Date of Award

2021

Degree Type

Dissertation

Degree Name

Doctor of Philosophy (PhD)

Graduate Group

Neuroscience

First Advisor

Edward S. Brodkin

Abstract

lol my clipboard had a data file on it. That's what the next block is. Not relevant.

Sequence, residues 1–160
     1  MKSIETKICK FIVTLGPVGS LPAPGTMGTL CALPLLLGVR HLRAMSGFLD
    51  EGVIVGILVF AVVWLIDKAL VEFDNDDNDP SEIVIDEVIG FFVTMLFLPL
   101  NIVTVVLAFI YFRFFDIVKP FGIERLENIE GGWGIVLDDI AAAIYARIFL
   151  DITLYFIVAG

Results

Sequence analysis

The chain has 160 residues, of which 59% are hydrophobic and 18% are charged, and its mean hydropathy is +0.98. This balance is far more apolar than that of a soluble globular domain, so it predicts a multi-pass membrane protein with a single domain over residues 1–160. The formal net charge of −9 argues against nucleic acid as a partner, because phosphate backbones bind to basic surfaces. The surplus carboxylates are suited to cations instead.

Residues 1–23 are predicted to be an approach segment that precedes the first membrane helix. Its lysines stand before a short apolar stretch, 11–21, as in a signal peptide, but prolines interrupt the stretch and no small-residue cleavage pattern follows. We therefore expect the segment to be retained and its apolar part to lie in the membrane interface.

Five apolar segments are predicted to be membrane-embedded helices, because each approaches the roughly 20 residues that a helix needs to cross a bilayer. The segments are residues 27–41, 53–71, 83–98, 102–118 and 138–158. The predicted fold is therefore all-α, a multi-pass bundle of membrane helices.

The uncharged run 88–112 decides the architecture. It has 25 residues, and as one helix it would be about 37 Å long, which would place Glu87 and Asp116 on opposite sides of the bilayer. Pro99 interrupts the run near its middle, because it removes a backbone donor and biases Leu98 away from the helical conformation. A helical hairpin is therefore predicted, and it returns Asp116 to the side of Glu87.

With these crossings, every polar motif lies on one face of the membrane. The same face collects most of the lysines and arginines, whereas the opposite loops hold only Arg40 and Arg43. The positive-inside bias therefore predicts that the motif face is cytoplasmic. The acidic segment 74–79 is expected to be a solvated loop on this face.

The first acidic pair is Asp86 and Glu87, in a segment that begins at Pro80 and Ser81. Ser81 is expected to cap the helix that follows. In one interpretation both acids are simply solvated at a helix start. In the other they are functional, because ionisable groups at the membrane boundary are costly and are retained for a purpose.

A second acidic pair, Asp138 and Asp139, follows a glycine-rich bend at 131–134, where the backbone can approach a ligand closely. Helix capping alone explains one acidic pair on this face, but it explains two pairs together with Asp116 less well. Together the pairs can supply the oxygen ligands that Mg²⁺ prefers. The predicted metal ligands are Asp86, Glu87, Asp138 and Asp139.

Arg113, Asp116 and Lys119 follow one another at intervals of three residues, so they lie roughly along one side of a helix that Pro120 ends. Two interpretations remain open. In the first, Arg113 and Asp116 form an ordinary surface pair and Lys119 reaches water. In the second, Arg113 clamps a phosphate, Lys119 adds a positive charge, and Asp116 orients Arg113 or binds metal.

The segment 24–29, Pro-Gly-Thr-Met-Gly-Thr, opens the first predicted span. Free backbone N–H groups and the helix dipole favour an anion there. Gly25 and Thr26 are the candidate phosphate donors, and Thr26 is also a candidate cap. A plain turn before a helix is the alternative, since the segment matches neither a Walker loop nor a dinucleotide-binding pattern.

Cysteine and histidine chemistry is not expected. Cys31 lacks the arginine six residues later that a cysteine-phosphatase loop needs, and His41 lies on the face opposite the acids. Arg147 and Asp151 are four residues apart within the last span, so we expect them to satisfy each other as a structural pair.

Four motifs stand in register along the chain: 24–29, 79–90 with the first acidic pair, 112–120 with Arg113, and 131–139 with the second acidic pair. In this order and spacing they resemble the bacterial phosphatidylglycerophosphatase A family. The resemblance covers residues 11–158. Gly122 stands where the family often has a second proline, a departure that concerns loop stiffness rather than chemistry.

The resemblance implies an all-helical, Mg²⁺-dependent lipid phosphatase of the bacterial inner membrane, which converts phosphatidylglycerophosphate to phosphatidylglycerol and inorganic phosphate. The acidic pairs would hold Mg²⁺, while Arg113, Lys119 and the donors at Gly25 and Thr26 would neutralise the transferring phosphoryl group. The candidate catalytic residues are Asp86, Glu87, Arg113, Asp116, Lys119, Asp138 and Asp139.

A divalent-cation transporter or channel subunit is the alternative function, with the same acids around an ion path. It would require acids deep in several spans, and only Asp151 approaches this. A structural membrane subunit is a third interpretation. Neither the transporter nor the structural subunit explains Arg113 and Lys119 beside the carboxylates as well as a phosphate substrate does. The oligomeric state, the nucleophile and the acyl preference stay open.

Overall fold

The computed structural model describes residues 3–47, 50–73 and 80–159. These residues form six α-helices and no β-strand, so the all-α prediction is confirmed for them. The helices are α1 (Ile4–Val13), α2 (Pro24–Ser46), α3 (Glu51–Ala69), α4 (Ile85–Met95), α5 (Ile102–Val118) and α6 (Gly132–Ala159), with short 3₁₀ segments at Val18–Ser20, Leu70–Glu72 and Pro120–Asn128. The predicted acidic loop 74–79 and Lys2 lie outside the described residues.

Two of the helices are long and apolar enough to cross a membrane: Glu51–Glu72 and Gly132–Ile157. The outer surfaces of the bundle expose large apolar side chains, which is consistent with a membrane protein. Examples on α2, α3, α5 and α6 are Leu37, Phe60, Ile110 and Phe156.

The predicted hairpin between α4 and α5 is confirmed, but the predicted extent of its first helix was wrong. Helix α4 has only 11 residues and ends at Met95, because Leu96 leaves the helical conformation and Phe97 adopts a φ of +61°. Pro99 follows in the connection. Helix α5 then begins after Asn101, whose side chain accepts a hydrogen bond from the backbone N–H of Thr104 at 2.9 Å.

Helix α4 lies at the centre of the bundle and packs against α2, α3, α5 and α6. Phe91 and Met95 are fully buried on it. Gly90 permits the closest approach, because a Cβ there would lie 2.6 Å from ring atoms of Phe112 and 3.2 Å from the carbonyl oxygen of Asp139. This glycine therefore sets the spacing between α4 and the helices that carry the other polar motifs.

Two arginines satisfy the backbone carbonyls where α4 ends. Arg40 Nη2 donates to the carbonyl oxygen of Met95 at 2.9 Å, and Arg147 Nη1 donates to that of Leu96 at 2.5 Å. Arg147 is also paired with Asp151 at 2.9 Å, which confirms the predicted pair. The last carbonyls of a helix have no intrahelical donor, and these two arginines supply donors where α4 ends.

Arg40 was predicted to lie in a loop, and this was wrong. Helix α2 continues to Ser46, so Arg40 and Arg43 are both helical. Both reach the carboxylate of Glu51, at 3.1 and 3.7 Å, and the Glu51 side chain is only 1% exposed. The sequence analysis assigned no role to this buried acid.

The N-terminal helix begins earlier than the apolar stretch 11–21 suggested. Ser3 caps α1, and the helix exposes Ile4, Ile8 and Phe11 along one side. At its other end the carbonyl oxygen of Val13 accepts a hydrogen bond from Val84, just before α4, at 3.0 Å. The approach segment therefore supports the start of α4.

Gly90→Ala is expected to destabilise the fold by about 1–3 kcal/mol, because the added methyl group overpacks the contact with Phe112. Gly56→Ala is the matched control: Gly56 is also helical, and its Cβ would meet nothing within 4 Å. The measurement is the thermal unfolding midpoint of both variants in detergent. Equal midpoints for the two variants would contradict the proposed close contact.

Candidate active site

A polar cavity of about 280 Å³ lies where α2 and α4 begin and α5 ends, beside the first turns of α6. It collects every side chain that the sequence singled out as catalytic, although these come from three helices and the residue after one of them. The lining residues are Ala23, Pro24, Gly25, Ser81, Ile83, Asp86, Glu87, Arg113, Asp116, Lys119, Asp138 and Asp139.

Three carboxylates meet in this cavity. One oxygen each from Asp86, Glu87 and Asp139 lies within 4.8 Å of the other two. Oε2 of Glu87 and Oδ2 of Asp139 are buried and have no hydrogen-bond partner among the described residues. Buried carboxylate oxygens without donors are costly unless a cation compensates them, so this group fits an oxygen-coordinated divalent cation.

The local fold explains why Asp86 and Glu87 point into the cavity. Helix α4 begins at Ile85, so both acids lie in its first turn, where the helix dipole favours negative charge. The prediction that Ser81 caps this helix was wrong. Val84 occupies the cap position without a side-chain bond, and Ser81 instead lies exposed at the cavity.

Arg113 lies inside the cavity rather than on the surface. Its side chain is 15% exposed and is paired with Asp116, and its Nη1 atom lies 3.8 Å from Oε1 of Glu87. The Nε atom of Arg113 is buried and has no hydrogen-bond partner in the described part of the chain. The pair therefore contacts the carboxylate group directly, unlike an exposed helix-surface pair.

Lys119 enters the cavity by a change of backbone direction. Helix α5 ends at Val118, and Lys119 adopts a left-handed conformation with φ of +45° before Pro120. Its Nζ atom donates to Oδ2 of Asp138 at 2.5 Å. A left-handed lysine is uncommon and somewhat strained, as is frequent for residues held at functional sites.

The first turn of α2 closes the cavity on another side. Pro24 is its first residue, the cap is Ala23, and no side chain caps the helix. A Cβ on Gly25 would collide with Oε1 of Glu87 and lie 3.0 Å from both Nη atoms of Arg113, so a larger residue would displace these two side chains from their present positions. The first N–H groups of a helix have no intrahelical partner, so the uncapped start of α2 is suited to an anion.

Autism Spectrum Disorder (ASD) is a neurodevelopmental condition that is complex both in its behavioral presentation and in its genetic basis. The use of quantitative behavioral phenotypes instead of the binary, categorical phenotype of diagnosis (Yes ASD, No ASD) has yet to be broadly applied in some areas of ASD research, including ASD genetics. Prior to investigating quantitative ASD-related phenotypes in humans, we reviewed the literature connecting synaptic cell adhesion molecules to social affiliation (a behavior disrupted in autism) in rodent models, and we proposed a mechanistic model. Then, by recruiting autistic adults and their extended family members through the Autism Spectrum Program of Excellence and having them complete a detailed quantitative phenotypic battery, we were able to address the reliability of quantitative phenotyping measures and to start investigating them. We found nearly all of the tested quantitative phenotypes to be heritable across several ASD-relevant behavioral domains – including social communication, repetitive behaviors, and executive functioning. Additionally, we found poor agreement between self-report and informant-report of two such measures (the Social Responsiveness Scale (social communication) and the Behavior Rating Inventory for Executive Function (executive functioning)) among autistic adults. Finally, we looked at the relationships between several relevant quantitative phenotypes, namely measures of overall ASD-related traits, psychological resilience, anxiety, and depression. We found these constructs to be related in such a way that suggests that enhancing resilience may mitigate depression among those high in ASD-related traits. All together, this work points to the promise of a quantitative trait approach in ASD research and highlights the need for several, overlapping measures across multiple behavioral domains for the most thorough understanding of ASD-related behavioral phenotypes.

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